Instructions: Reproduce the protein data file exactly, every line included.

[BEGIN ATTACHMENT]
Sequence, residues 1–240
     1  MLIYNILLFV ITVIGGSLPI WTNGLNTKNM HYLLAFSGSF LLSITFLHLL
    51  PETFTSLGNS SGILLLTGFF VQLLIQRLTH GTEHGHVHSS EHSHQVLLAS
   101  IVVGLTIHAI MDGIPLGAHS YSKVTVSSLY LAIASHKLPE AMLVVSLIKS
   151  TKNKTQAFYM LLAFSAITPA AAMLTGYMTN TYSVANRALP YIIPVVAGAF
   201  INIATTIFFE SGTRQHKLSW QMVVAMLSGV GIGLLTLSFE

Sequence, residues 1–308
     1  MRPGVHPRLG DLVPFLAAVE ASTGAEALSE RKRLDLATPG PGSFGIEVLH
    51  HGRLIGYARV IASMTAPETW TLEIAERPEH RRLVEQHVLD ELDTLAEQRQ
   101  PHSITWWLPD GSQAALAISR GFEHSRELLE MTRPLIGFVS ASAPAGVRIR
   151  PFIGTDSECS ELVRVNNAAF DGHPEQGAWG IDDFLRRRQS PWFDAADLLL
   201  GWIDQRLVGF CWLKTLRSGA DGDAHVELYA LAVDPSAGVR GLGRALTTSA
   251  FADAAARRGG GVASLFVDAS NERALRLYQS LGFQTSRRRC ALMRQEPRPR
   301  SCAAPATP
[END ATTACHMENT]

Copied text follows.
Sequence, residues 1–240
     1  MLIYNILLFV ITVIGGSLPI WTNGLNTKNM HYLLAFSGSF LLSITFLHLL
    51  PETFTSLGNS SGILLLTGFF VQLLIQRLTH GTEHGHVHSS EHSHQVLLAS
   101  IVVGLTIHAI MDGIPLGAHS YSKVTVSSLY LAIASHKLPE AMLVVSLIKS
   151  TKNKTQAFYM LLAFSAITPA AAMLTGYMTN TYSVANRALP YIIPVVAGAF
   201  INIATTIFFE SGTRQHKLSW QMVVAMLSGV GIGLLTLSFE

Sequence, residues 1–308
     1  MRPGVHPRLG DLVPFLAAVE ASTGAEALSE RKRLDLATPG PGSFGIEVLH
    51  HGRLIGYARV IASMTAPETW TLEIAERPEH RRLVEQHVLD ELDTLAEQRQ
   101  PHSITWWLPD GSQAALAISR GFEHSRELLE MTRPLIGFVS ASAPAGVRIR
   151  PFIGTDSECS ELVRVNNAAF DGHPEQGAWG IDDFLRRRQS PWFDAADLLL
   201  GWIDQRLVGF CWLKTLRSGA DGDAHVELYA LAVDPSAGVR GLGRALTTSA
   251  FADAAARRGG GVASLFVDAS NERALRLYQS LGFQTSRRRC ALMRQEPRPR
   301  SCAAPATP